Posts
    17,368
    vCash
    500
    Rep Power
    11617
    One thing that they did achieve that not too many have is a decent pro career. They were on SOI (and I think CSOI some years as well) for years, back when the tour was 40+ dates, plus they did the pro competitions, and if memory serves, a few guest starring roles on all the tv specials we used to enjoy.

    All in all, not a bad career at all.

  17. #17

    Join Date
    Nov 2001
    Location
    USA
    Posts
    24,950
    vCash
    500
    Rep Power
    91872
    Quote Originally Posted by screech View Post
    Actually, the Canadians dominated singles in mens, not Americans (unless you meant North Americans). Browning won 3 world titles in the 90s (and a silver), Stojko won 3 as well, with an additional 3 medals, and his 2 O's medals.
    Sorry, I was not clear. I meant North Americans (not just US Americans).

    In the ladies though I meant US ladies.

  18. #18
    Registered User
    Join Date
    Aug 2004
    Posts
    9,802
    vCash
    500
    Rep Power
    0
    Quote Originally Posted by Gabybackhand View Post
    Meno & Sand were a really elegant and beautiful team
    I think they tried hard to package themselves in the same elegant mode as the top European pairs, but I didn't buy it; I don't think the international judges bought it either. Todd, for one, hunched his upper body, and physically for a male pair skater, he looked slight out of the ice. I thought overall they were boring ... one of my fridge breaks.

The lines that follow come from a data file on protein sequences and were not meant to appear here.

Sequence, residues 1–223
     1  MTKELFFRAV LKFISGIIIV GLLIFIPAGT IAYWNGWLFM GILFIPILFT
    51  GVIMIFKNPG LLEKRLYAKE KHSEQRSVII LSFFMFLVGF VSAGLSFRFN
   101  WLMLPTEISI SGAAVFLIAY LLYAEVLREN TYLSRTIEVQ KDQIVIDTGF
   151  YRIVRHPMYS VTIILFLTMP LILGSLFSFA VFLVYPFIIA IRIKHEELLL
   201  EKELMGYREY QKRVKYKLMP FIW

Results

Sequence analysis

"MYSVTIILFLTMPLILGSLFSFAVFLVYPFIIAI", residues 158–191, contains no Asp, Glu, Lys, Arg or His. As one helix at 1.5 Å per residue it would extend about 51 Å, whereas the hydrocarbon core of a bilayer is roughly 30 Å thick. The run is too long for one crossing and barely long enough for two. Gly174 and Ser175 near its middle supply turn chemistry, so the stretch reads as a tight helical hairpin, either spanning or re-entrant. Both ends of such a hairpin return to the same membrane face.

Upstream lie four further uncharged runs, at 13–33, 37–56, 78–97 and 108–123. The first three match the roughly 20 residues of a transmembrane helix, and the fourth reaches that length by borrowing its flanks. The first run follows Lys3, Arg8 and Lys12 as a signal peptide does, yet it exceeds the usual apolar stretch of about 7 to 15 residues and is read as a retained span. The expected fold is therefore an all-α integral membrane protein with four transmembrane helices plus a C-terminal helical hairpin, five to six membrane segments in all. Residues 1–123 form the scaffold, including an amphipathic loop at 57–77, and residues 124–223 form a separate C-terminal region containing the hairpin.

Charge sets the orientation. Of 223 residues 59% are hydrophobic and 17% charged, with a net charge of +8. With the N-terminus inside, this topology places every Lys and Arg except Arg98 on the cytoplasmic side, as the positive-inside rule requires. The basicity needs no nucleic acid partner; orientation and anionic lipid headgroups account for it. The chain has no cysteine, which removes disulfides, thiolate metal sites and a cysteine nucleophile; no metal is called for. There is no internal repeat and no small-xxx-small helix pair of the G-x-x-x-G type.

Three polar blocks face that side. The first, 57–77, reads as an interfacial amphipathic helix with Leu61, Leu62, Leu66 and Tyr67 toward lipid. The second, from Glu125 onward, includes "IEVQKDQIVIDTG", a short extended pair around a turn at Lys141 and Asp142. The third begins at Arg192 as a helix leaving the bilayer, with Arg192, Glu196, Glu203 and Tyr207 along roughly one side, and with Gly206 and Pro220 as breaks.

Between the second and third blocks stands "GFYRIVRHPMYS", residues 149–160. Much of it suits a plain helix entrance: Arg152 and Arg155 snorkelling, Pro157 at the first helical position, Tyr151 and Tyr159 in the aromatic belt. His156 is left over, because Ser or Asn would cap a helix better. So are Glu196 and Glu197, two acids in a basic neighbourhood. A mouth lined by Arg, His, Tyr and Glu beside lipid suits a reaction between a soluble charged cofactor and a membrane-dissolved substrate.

19. #19
    Registered User
    Join Date
    Aug 2004
    Posts
    9,802
    vCash
    500
    Rep Power
    0
    Quote Originally Posted by Jenny View Post
    One thing that they did achieve that not too many have is a decent pro career. They were on SOI (and I think CSOI some years as well) for years, back when the tour was 40+ dates, plus they did the pro competitions, and if memory serves, a few guest starring roles on all the tv specials we used to enjoy.

    All in all, not a bad career at all.
    Well they were riding the crest of skating popularity in the aftermath of Nacy&Tonya scandal. And beside Kyoko & Zimmerman, what other top American pairs with any sort of name recognitions were available for SOI and those made-for-tv competitions? The producers weren't going to get "nobodies" to fill those slots.

  20. #20
    Registered User
    Join Date
    Nov 2002
    Location
    Entitiled
    Posts
    5,615
    vCash
    500
    Rep Power
    0
    Quote Originally Posted by bardtoob View Post
    They were like fragile porcelain skaters on top of a music box.
    I think this is precisely the reason why I didn't care for Meno & Sand's skating. I did however, really enjoy Natasha Kuchiki and Todd Sand's SP from 1991.
    That being said, M&S's competitive accomplishments, even during a period of transition in pairs skating, is certainly nothing to sneeze at, three world medals is impressive.

Page 1 of 3 123 LastLast

Posting Permissions

  • You may not post new threads
  • You may not post replies
  • You may not post attachments
  • You may not edit your posts
  •